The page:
|This brief analyzes data from the nationally-representative, cross-sectional 2018 Behavioral Risk Factor Surveillance System (BRFSS) of adults ages 18 and older living in the community. BRFSS is an ongoing, state-based, random-digit-dialed telephone survey of non-institutionalized civilian adults. The 2018 survey has over 430,000 respondents. Information about the BRFSS is available at http://www.cdc.gov/brfss/index.html. For this updated analysis, we calculated the number of people at risk of serious illness if they get infected with coronavirus, using BRFSS, and we controlled these estimates to the 2018 American Community Survey (ACS) to generate population counts by state and age. Because of its large sample size, the ACS is generally seen as providing reliable population estimates by state. This updated analysis reflects this change in weighting methodology. The weighted total population is about 3% less in the ACS than in BRFFSS.
The estimate of the percentage of adults at higher risk utilizes the BRFSS survey weights to account for the complex sampling design. Data exclude adults living in Guam or Puerto Rico. Data represent adults who report ever being told by a doctor that they have one of the listed conditions. To avoid overestimating the number and share of adults at higher risk of serious illness, our revised analysis does not include people with cancer; this is because BRFSS asks if respondents have ever had cancer, whereas CDC at-risk guidelines are limited to people who are currently immunocompromised, including cancer patients in treatment. Because the CDC guidelines suggest that those with moderate or severe asthma are at greater risk than those with mild asthma, we adjusted the overall total to account for the share with uncontrolled asthma, adjusting the overall total by 62 percent, based on CDC prevalence. The change in estimates from our previous analysis are mainly attributable to the revised CDC at-risk guidelines.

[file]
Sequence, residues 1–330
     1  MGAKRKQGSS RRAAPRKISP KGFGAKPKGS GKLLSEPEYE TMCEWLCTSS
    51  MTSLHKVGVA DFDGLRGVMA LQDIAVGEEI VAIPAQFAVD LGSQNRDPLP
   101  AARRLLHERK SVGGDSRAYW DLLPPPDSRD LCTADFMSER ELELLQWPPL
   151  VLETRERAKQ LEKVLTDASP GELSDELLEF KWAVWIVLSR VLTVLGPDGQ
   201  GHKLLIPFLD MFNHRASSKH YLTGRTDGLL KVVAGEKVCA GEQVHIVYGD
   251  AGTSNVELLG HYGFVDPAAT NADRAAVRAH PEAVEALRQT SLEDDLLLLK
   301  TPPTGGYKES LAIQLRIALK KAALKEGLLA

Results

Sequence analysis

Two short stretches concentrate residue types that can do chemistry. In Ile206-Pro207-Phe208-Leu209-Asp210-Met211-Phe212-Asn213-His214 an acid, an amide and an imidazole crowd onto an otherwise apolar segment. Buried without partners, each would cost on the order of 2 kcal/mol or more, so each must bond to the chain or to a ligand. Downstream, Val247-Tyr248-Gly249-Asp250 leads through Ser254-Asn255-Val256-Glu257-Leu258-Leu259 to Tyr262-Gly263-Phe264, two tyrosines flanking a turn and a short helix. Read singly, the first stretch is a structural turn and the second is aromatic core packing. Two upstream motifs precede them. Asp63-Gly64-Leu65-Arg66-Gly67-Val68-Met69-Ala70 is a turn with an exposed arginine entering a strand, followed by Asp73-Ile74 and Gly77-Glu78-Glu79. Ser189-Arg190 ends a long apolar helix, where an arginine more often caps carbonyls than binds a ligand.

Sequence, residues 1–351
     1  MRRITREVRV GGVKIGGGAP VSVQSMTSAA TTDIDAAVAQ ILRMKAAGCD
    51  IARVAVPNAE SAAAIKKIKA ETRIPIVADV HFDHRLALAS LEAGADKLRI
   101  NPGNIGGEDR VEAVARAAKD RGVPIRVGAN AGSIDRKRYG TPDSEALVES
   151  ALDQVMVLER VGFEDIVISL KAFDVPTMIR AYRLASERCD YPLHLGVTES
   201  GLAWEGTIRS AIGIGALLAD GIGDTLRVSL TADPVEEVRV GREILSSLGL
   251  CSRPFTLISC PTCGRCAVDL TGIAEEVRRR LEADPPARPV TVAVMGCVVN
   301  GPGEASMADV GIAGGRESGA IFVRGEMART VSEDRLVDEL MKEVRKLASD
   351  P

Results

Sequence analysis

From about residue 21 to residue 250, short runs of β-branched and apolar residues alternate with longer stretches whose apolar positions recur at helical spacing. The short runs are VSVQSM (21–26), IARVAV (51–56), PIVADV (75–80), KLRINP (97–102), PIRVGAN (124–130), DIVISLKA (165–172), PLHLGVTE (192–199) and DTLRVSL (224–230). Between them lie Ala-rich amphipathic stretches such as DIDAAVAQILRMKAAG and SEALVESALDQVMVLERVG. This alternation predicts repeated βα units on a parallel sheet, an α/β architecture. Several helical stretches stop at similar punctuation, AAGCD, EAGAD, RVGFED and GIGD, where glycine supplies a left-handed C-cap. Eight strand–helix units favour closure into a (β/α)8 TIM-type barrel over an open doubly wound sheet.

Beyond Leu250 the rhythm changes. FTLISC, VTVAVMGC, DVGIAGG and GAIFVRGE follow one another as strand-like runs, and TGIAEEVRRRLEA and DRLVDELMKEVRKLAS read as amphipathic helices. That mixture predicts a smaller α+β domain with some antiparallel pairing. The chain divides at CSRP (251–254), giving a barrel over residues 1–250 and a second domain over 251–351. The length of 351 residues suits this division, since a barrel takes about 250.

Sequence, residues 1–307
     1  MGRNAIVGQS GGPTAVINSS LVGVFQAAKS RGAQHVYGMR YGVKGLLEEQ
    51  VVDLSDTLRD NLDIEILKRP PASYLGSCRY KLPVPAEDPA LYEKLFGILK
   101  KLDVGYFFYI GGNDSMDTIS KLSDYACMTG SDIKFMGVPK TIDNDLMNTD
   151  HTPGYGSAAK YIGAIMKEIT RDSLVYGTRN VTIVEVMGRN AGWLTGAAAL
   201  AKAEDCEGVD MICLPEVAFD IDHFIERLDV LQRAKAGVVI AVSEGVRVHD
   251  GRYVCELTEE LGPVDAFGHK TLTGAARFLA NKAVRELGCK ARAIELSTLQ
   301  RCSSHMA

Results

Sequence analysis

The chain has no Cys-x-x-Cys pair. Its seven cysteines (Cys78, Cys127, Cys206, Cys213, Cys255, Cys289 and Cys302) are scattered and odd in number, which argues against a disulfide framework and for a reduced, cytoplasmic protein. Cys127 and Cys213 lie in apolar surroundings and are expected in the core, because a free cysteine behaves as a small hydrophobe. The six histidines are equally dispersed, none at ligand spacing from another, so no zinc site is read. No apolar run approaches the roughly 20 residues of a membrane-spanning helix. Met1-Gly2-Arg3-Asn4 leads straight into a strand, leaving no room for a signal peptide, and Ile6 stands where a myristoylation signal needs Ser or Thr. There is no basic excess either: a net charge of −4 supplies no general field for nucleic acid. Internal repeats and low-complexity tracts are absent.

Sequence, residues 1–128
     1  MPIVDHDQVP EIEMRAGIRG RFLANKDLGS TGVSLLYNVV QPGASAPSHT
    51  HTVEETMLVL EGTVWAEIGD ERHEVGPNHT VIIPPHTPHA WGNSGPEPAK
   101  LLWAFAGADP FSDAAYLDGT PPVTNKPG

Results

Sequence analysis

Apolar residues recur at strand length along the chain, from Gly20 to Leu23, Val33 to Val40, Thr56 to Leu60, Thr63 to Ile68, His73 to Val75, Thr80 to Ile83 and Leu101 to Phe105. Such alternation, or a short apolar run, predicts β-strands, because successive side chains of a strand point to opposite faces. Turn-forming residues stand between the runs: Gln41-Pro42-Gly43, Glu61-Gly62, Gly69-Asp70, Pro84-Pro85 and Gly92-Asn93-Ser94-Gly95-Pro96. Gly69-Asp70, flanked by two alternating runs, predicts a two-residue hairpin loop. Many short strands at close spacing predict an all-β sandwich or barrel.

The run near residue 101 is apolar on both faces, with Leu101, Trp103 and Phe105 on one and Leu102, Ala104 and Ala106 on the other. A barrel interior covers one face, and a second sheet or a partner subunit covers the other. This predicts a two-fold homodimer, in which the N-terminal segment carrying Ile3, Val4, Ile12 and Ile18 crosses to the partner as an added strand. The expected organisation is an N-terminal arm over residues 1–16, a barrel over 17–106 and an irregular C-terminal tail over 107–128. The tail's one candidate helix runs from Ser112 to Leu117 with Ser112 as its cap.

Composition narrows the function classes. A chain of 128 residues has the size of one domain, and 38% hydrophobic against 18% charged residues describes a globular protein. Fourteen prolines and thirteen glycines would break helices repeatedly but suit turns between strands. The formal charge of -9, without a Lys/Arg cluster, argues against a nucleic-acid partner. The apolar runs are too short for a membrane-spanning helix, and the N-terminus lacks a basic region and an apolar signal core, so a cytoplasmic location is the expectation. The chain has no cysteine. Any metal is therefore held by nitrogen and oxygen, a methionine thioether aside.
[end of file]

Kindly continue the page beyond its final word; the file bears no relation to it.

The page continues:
|Table 1: Number of U.S. Adults At Higher Risk Of Serious Illness If Infected With Coronavirus|
|Total, adults ages 18 and older||Adults under age 65.||Adults age 65 and older|
|State||Total number, adults 18 and older||Number at risk, adults 18 and older||At-risk adults, as a share of all adults ages 18 and older||Total number, adults under age 65||Number at risk due to health conditions, adults under age 65||Share of adults under age 65 at risk||Total number, adults age
65 and older
|Older adults, as a share of all at-risk adults|
|District Of Columbia||542,174||172,398||31.80%||459,618||89,842||19.50%||82,556||47.90%|
|NOTE: Data includes adults ages 18 and older; excludes adults living in nursing homes and other institutional settings.
SOURCE: KFF analysis of 2018 Behavioral Risk Factor Surveillance System.